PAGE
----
The future of Tests March 11, 2010

'Stop overkill of cricket on TV' - Sangakkara

Cricinfo staff

Kumar Sangakkara, the Sri Lanka captain, has called for several changes to increase the popularity of five-day cricket, including paying Test players significantly more and not broadcasting the game in the city hosting the game until a large crowd turns up at the ground. Speaking on Cricinfo's video show Opening Up, Sangakkara also said every country should have an iconic series like the Ashes to draw spectators to the stadiums.

There has been plenty of talk over the decline of Tests, but Sangakkara said it was premature to write the format's obituary. "Everyone is talking about Test cricket dying. Maybe we are pre-empting its death and trying to kill it before its time," he said. "When it comes to players, they value playing the five-day version a lot more than they do any other version."

With a lot more money on offer in lucrative Twenty20 leagues such as the IPL, he stated that salaries of Test specialists should be hiked substantially. "Paying a match fee for playing a Test match that is 10% more than for a Twenty20, or a one-day game or 50% more doesn't cut it," he said. "Test cricket should be given its premium position by paying a premium amount for players who play only Test cricket sometimes."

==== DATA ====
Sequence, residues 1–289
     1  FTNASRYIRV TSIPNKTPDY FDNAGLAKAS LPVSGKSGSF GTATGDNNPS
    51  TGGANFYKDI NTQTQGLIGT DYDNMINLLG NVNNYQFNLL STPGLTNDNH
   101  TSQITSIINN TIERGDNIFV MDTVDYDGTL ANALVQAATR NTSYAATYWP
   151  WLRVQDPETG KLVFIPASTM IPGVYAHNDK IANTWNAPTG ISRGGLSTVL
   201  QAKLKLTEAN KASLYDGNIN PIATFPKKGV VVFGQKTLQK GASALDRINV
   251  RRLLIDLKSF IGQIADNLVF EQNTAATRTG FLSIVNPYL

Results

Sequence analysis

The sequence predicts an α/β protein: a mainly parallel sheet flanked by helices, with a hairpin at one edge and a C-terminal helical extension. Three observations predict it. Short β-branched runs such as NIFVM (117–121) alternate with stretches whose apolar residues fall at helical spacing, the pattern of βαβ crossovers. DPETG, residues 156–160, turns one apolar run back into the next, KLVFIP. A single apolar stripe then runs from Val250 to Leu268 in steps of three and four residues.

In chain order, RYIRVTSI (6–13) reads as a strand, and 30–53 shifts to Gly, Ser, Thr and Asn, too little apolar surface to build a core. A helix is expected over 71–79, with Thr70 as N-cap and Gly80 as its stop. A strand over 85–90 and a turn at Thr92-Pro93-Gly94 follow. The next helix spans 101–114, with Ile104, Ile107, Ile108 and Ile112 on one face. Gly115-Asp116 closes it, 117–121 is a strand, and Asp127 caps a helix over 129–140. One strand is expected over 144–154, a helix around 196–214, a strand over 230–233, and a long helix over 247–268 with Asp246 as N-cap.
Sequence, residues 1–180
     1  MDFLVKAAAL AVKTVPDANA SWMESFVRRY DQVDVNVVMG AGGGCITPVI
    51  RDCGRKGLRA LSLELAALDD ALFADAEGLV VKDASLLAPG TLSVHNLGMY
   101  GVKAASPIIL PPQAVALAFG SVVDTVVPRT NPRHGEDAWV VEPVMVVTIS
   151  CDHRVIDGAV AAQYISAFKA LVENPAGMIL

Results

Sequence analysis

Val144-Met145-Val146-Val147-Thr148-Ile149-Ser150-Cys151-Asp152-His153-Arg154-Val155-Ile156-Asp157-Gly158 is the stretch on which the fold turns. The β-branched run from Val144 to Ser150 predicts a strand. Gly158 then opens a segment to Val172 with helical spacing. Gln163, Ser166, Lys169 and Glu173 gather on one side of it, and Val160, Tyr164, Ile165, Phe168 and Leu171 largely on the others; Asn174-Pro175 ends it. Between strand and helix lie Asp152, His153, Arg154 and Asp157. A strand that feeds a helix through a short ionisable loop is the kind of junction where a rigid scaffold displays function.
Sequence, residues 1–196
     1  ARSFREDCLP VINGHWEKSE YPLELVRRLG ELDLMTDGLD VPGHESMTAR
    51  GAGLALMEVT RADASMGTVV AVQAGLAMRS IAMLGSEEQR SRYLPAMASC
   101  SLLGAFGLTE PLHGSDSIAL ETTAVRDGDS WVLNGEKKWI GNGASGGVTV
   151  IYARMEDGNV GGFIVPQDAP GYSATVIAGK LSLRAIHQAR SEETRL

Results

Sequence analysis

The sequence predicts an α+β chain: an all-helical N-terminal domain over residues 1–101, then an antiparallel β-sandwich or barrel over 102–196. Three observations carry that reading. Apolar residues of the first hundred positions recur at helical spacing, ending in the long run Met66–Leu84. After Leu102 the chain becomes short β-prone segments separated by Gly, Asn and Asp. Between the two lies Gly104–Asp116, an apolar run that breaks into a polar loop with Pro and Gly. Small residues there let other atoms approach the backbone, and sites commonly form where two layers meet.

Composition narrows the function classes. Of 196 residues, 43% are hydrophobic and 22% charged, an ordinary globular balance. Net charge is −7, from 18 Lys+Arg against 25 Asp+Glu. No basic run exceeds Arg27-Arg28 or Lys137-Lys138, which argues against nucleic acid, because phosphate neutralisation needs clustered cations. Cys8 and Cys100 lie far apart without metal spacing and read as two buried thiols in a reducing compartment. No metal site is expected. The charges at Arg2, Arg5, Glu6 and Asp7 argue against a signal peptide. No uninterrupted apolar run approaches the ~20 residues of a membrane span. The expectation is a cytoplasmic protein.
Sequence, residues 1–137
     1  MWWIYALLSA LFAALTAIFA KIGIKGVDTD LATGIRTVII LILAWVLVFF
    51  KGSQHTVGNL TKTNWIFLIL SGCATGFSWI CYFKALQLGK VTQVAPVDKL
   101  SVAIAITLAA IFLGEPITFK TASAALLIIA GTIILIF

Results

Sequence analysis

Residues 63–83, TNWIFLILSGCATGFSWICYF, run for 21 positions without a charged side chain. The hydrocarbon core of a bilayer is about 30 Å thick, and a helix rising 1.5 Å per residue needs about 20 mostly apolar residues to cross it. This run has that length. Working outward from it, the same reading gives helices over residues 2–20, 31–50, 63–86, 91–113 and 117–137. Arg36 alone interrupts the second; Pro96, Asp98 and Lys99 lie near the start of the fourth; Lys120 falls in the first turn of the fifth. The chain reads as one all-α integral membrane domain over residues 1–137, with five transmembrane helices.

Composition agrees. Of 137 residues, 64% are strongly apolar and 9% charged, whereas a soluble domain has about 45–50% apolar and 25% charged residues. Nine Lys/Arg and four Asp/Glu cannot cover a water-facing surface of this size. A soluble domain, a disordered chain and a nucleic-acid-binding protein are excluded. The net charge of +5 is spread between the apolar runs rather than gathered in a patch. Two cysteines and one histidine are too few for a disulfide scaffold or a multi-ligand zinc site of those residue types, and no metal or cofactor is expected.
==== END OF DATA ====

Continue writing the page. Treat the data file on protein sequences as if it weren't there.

Test cricket is packing stadiums only in England and a handful of cities over the world, something which Sangakkara felt could change if there were changes in way television broadcasted the game. "Stop overkill of cricket on television. We can't have 24-hour cricket channels and still expect people to come and watch it at the ground," he said. "Not telecasting the match to a particular city until they have an acceptable crowd at the ground [as they do in Australia is the right thing to do]."

The Ashes have been one series which have been extremely well attended, with many grounds being sold out in advance, which indicated the way forward for Tests, according to Sangakkara. "Have iconic Test series for every country, like the Ashes for England and Australia. Have one for India, Pakistan and Sri Lanka - it draws the crowds to the grounds."

There have been plenty of exciting Test matches over the past few years, including the memorable South African victory in Australia, England hanging on to nail-biting draws in three Tests, and India retaining the No. 1 ranking after a win with nine deliveries to spare in Kolkata last month in the face of a Hashim Amla masterclass. Sangakkara said players must dish out exciting cricket to gets fans to show up. "We have to accept the fact that we play because we are watched, we are entertainers - we can call ourselves gladiators," he said. "At the end of the day we entertain and we like to play in front of a crowd. To get the crowd we have to be responsible enough to play entertaining cricket."

He also spoke of his team's ambitions to correct some of the blots in Sri Lanka's Test record, such as their record against Australia and their performances on tours to India. "We want to win against Australia, we want to beat India in India. Those are the things we talk about as players, and these opportunities don't come if we don't play Test cricket," he said. "If Test cricket is going to be relegated as the third format of the game, behind Twenty20 and one-day cricket, then I think it will be a very sad day for cricket."

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